Reaching for help to save Rome’s public transport

It has also been revealed that works on the upcoming Metro C have been halted, due to an unpaid bill

ROME - The past year might have been Rome's annus horribilis for public transport. Whilst the inefficiency of the transport system has always been well-documented, it now stands on the verge of collapse, thanks to an unprecedented number of management scandals.

Foreseeing a massive incoming of pilgrims for the Jubilee, the city administration is currently in a frenzy, trying to consolidate the bus and metro network – but the challenge seems daunting.

Needless to say, demand for alternate means of transportation is high. Uber, the private chauffeur company, took notice, and a few days ago unveiled their “Linea U” project for the city: an interactive map that lets users vote for an 8-stop bus line which will be activated on the December 10th, right on time for the Jubilee.

Of course, the announcement didn't sit well with taxi drivers, who protested in front of the Senate. UberPOP, the version of the app that lets anybody turn their car into an impromptu taxi service, was already banned on a national level back in May.

“Uber has a very aggressive expansion policy,” explains Guido Gentile, Professor of Transport Engineering at Sapienza University. “It has basically filled a normative gap in many countries, potentially allowing them to elude regulations. In this sense, I think the ban was legitimate.”

“As for the Linea U, the purpose is clearly to create a precedent and pave way for deregulation. But projects like these need planning from above; you can't just decide to set up a line in the middle of the city. If left to their own devices, private companies would naturally concentrate in high-flow areas, at the expense of the rest.”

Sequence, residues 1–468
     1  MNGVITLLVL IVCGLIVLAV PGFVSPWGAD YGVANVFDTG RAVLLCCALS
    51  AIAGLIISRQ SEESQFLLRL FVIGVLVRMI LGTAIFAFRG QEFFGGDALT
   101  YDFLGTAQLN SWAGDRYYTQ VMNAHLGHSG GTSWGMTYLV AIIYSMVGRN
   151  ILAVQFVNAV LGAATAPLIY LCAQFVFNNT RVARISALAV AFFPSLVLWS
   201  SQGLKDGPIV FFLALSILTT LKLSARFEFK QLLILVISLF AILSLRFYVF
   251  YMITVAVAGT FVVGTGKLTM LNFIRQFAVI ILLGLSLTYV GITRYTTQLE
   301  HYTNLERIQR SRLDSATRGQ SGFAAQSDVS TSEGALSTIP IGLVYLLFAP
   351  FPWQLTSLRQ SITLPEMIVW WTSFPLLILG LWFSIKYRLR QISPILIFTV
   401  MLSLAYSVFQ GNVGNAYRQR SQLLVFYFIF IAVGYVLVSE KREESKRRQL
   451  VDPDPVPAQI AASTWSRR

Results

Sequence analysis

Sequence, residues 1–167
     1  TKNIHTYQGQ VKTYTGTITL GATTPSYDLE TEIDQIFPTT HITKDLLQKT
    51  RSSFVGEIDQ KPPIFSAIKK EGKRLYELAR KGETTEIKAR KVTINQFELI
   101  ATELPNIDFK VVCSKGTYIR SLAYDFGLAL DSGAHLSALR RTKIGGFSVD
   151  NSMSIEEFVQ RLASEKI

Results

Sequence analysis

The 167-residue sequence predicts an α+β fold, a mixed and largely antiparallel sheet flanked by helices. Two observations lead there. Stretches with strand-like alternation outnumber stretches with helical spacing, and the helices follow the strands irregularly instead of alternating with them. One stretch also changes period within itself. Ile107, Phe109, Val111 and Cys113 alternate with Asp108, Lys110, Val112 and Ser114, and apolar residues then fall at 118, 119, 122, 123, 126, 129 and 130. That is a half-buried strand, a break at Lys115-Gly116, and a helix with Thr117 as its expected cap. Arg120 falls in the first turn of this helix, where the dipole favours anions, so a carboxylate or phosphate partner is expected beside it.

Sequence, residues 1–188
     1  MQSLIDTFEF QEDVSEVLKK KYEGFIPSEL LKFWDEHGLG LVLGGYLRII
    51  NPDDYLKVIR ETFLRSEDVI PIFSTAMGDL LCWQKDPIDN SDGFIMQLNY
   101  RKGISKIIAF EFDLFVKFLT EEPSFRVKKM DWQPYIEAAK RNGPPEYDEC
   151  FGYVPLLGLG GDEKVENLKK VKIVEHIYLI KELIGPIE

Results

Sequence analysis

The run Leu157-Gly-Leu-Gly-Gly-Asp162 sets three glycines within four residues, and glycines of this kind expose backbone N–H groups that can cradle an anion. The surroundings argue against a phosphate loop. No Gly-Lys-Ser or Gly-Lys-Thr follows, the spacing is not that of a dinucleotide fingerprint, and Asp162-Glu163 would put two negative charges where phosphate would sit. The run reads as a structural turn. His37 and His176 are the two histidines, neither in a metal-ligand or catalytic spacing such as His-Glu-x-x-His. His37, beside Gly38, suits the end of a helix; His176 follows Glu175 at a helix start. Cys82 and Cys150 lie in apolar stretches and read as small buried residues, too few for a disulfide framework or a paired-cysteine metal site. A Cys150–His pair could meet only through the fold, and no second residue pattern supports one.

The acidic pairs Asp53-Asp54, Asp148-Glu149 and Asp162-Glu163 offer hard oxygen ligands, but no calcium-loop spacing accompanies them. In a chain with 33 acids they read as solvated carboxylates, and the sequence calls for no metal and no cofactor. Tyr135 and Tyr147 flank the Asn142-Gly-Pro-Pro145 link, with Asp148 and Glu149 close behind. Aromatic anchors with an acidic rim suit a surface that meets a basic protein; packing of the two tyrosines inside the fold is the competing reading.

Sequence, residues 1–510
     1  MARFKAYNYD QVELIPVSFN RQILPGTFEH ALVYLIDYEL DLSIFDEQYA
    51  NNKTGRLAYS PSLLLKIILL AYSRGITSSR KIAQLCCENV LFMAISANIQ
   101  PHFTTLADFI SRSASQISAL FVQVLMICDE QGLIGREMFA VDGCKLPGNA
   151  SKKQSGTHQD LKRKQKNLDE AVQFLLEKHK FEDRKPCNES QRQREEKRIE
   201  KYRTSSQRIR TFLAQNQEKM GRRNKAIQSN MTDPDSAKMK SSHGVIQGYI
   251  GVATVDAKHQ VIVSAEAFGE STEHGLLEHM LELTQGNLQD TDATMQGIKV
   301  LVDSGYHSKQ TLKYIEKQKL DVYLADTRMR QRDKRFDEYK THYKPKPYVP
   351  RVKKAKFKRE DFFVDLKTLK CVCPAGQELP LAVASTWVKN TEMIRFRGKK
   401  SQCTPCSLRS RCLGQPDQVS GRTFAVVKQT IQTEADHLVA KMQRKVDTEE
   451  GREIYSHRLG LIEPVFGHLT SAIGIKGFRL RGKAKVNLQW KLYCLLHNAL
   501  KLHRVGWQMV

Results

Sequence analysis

Admittedly, though, Rome is reaching a point of non-return: breakdowns are a daily occurrence, both on buses and the underground; overcrowding is a plague, with only one vehicle for every 1,700 inhabitants; there are as many cars as people, and traffic is gridlocked every day that a conductors' strike is announced.

Only by getting the citizens back to trust public transport with their time and money can this cycle be broken. Right now, ATAC has hardly the credibility or the means to achieve this; but what about private parties?

“The Transit Agency already holds competitive bids to subcontract routes. The problem is, they are regularly deserted by private companies. So, not only do the citizens need to be convinced, but private investors as well.”

“Public transport is costly. A flat rate of 1,50 € – independent of the journey – is simply not enough. They need to introduce a system like London's Oyster card, make the driver responsible for ticket checking, or develop apps for paying by mobile. It's the only way to convince private companies that they will make a profit, without worrying about public funds which may or may not come.”